Herdís & Ólína: The Poetry of Everyday Life
Articles
M. J. Driscoll
University of Copenhagen
Published 2019-05-27
https://doi.org/10.15388/ScandinavisticaVilnensis.2019.2
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Keywords

Icelandic literature
popular poetry
women’s poetry
female authorship
þulur

How to Cite

Driscoll M. J. (2019). Herdís & Ólína: The Poetry of Everyday Life. Scandinavistica Vilnensis, (14), 21-37. https://doi.org/10.15388/ScandinavisticaVilnensis.2019.2

Abstract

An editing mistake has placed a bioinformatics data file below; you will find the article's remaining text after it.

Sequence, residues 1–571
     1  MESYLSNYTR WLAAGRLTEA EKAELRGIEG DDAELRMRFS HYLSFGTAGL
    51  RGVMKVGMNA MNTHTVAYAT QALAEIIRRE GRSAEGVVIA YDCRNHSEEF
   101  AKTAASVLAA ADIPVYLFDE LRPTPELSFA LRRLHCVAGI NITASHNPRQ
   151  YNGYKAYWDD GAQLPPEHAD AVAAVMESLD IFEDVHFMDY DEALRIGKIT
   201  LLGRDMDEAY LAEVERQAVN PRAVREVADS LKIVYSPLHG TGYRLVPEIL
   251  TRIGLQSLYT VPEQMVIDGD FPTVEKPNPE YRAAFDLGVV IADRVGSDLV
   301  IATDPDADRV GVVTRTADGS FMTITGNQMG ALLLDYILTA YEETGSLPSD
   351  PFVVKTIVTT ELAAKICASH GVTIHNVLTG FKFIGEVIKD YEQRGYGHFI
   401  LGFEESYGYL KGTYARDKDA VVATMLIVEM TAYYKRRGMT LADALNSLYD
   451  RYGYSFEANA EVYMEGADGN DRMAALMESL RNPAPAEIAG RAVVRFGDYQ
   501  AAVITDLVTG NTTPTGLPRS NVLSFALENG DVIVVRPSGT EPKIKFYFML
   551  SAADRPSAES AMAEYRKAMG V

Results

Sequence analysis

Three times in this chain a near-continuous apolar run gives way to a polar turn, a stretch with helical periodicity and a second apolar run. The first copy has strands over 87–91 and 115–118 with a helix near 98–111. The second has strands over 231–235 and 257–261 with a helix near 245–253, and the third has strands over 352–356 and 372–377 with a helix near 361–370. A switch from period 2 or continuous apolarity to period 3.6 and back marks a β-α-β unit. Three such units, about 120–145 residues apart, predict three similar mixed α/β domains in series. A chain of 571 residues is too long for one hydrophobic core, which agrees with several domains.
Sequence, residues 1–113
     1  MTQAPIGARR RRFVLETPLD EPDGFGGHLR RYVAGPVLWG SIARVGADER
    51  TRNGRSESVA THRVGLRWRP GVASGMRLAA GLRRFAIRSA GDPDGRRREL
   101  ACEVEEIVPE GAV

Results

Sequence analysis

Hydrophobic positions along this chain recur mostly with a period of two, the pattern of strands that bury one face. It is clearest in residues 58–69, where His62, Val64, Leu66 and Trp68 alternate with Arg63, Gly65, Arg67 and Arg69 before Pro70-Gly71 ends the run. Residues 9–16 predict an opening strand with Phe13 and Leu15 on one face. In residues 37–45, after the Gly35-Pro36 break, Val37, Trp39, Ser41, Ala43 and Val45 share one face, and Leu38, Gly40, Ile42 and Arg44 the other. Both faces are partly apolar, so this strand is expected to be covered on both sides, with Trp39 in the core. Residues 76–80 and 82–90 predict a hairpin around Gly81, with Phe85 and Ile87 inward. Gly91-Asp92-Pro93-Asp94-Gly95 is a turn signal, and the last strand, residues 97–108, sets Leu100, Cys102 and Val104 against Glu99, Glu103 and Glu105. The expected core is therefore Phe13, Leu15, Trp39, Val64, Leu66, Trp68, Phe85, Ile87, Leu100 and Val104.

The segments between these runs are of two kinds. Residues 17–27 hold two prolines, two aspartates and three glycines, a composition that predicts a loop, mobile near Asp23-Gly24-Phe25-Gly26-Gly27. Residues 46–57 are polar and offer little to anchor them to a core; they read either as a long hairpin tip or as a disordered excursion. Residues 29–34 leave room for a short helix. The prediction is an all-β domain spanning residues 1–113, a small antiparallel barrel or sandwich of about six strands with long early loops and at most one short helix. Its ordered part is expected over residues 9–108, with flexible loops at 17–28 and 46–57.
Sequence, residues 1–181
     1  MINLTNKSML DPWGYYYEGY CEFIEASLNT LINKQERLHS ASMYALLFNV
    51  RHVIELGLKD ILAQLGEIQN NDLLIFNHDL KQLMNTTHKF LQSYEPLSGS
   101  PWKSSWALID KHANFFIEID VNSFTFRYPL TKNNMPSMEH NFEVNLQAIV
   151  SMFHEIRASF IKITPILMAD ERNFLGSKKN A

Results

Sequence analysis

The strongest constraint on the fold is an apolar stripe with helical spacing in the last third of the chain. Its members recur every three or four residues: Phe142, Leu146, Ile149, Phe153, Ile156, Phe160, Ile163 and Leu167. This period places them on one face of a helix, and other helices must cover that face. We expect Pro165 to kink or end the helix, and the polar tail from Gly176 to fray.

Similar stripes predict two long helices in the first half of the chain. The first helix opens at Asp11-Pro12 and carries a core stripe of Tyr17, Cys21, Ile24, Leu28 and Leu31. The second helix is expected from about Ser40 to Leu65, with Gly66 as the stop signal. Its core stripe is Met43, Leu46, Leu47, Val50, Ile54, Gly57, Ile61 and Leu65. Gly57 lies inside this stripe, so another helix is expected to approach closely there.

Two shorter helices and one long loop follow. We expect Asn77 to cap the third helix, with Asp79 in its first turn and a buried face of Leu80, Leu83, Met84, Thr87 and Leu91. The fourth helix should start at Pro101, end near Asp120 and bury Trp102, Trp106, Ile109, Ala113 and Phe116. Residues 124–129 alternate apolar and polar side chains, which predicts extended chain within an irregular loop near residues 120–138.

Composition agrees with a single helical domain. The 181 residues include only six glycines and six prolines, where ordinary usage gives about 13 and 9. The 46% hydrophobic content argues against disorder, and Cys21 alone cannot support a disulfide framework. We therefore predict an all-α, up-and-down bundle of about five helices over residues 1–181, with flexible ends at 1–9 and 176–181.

The twin sisters Herdís Andrésdóttir and Ólína Andrésdóttir were born on the island Flatey in Breiðafjörður, western Iceland, in 1858. Following the death of their father at sea three years later, the family was dispersed and the sisters did not see each other until half a century later, when they were reunited in Reykjavík. In the intervening years both sisters had become well known as capable verse-makers in the traditional style, but it had never, it seems, occurred to them to write any of their poems down, let alone publish them. They were encouraged by friends to do so, and in 1924 they brought out a collection of their verse, entitled simply Ljóðmæli (Poems). Their poetry was highly traditional both in its form, which principally made use of rímur and ballad metres, and in terms of its subject matter, dealing with nature, reflections on life’s joys and sorrows and so on. Ólína, like her cousin Theodóra Thoroddsen, also contributed to the revival of the þula, a form of poetry traditionally associated with children. The book sold well, and a second edition, with some additional poems, came out in 1930. A third edition was brought out in 1976, long after their deaths, containing much new material; this edition has since been reprinted twice. Critical reception was overwhelmingly favourable, both in the learned and more popular press. Though somewhat at odds with the literary establishment of the day, they nevertheless had several powerful supporters among the literary and intellectual élite, foremost among them professor Sigurður Nordal. Despite having been “world-famous in Iceland” in their old age, Herdís and Ólína are little known today, and their work – much of it very fine indeed – has yet to receive the scholarly attention it deserves.

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